Mrs Harrington's Assembly – Trailblazers
Monday 7th September 2015
On Monday 7 September, Mrs Harrington spoke about trailblazers during morning assembly. Please find below for the assembly in full:
“Today, I want us to think about trailblazers: people who break a path through difficult or new territory, requiring vision, courage and persistence. Trailblazers may not be the victors and win the prize or reach the goal themselves, but they make it possible for others coming behind them to do so. They light up the path and draw attention to it, and inspire others to have a go and follow in their footsteps.
And I want us to think about some trailblazers who were blazing a trail in female soccer earlier this year.
Before the end of last term, we saw some drama on the sports field that was hard to watch. The England Women’s football team have qualified for the FIFA Women’s World Cup four times (1995, 2007, 2011, 2015). The England team reached the quarter final stage on three occasions, losing out to Germany in 1995, the United States in 2007 and France on penalties in 2011. In June 2015, however, England earned the bronze medal for the first time, under Mark Sampson, by beating Germany in the third place play off. Now while this sounds like a triumph, which it was, it masks a heartbreaking situation that left one young sportswoman, in particular, traumatised. The Lionesses, as they are known, lost a semi-final match against Japan after scoring a gut-wrenching goal in their own net, finishing in third place with a bronze medal.
What struck me about this was that these young sportswomen, and particularly Laura Bassett, who was trying so courageously to keep the ball away from two Japanese players who were bearing down on it when she accidentally put the ball into her own goal, faced an almost unbearable situation: to get that far by your persistence, training, courage etc. and then lose because you basically scored an own goal, and for Laura, who had the courage to go for it, to find that her action so publicly ruined the dream for the team, the country and of course for herself.
Yet what did they do? They cried, they wept, they shouted, but they got up again, they put on a brave face, they didn’t blame each other, they, as their manager says, hugged each other and got on with it.
Their manager, Mark Sampson, is a young manager, known to the team as the Tinkerman: someone – a manager or coach who continually experiments by changing the personnel or formation of a team from game to game.
The players’ have also praised his liberal approach to spare time in between matches; there have been no strict enforcements, with players allowed to take time off to see family and friends or simply sightsee in the Canadian cities where they’ve been based.
Relaxed he may be but he’s not afraid to run a tight ship, employing performance analysts and using corporate-style bonding techniques to eke out the best from his team.
His long-term girlfriend is apparently the only person to have beaten him at Connect 4, his favourite game – he clearly hasn’t been here, as we’re pretty good at Connect 4.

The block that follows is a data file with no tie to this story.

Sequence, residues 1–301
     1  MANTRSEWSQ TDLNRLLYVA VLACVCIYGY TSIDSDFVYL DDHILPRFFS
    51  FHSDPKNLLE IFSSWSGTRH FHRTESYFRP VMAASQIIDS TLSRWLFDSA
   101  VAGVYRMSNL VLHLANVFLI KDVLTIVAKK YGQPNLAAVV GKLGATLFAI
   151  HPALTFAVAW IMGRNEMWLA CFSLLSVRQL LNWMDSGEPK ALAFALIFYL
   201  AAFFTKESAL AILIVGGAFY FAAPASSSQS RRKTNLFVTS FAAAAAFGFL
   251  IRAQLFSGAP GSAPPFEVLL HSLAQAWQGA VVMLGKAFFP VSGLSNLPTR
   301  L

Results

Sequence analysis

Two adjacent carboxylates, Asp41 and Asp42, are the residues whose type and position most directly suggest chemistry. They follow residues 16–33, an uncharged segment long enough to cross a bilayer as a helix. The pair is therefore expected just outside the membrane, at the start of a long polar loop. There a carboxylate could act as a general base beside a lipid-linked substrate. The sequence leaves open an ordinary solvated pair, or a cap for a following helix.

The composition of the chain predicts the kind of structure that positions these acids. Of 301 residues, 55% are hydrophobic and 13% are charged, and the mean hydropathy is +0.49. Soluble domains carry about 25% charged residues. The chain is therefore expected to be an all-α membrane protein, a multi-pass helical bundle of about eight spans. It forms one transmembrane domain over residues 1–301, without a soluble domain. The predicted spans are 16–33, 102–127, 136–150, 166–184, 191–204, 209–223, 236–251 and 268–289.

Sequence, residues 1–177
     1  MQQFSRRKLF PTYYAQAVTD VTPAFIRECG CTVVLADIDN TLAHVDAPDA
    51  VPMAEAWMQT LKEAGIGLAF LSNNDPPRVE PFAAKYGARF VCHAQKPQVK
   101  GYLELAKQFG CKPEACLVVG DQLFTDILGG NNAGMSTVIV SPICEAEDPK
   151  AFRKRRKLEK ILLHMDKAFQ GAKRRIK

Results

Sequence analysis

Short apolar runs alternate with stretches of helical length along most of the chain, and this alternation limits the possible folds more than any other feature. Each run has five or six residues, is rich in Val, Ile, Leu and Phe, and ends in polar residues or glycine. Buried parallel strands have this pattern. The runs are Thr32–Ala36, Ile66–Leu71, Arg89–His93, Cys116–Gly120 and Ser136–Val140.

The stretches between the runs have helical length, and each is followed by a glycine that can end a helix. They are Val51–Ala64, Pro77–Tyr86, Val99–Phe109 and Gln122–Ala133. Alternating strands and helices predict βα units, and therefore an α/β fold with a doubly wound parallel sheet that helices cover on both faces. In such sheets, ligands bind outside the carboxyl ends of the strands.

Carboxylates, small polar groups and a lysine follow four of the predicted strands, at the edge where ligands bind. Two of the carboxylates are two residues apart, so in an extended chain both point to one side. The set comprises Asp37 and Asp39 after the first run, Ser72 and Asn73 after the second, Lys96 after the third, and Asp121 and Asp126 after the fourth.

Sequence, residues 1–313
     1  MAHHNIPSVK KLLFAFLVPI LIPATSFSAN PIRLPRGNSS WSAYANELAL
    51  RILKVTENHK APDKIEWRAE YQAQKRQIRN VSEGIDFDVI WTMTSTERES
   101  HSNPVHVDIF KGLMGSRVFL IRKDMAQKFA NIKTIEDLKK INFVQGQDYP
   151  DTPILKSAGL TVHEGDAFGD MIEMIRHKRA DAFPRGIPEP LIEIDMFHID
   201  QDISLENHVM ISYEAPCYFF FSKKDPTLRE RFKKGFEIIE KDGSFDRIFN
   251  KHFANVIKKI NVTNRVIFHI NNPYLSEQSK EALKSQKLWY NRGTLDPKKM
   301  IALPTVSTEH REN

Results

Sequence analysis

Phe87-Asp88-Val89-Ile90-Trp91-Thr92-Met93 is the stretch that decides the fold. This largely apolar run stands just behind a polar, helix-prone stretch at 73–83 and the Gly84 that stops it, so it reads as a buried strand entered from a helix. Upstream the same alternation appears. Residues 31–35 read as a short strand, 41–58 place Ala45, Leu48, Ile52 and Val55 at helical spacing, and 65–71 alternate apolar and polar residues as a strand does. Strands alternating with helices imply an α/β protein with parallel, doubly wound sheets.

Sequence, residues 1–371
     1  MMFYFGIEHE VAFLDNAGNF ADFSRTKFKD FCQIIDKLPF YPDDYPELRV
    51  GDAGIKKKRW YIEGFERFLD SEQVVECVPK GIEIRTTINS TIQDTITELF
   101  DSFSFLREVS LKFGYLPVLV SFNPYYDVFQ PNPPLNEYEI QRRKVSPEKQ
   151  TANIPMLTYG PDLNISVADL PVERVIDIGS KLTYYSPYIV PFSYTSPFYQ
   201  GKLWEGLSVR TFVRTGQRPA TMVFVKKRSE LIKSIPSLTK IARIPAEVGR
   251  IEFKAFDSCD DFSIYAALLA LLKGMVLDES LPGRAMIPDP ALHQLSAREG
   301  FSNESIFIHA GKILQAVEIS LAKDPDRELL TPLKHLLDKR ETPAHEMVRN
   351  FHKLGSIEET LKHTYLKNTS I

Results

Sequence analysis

Now the next challenge for the Lionesses and their manager is to get to play at next summer’s Olympic Games in Rio de Janeiro. And yet, it now seems that political squabbling among the four nations that make up the United Kingdom — England, Wales, Scotland and Northern Ireland — will probably snuff the women’s hopes.
At the heart of the debate over whether Britain will field any soccer teams at the Olympics are questions about British identity, and which of Britons’ multiple identities gets priority.
The four constituent nations of the United Kingdom compete as individual teams in soccer tournaments such as the World Cup and the European Championship. But in the Olympics, the athletes must compete under the single banner of “Team GB.”
FIFA, the world governing body of soccer, said that Britain would need to submit a bid for the Olympics with the support of all four of the national soccer associations, but Scotland, Wales and Northern Ireland are against the idea. They think it would damage their prospects of retaining national status within FIFA and their ability to compete as individual nations in other international tournaments.
But their legacy, whatever happens, is that they have raised the profile of women’s football and all of the issues around why it is not valued as highly as it could be; they have shown us what can be done if you train and work together and believe in yourselves; and they have also shown us what to do when you get it horribly wrong and in a few short seconds you see the dream come crashing down. How to recognise and value in the face of disaster the achievements that they had made, how to support each other and particularly Laura Bassett as they work through the disappointment, and how to get up to fight another day, secure in the knowledge that they are trailblazers, even if on this occasion they were not gold medal winners.
So this year, set your goals: where am I now, where do I want to be, how am I going to get there. But remember that it’s not just your goals that you’re going to be affecting in all you do – you could be the one who sets an example for someone else in the school that will help them in the future, you could be the one who challenges the way things are done because you can see a better way, you could be a trailblazer too. As the England manager said:
“We said before the game, life’s horrible, it’s really tough sometimes; you get a kick in the teeth just when you think you’ve made it and, wow, did we get a kick in the teeth in our semi-final. But we wanted to show the world today that everyone has tough times but you dust yourselves down, pick yourselves back up and go again.”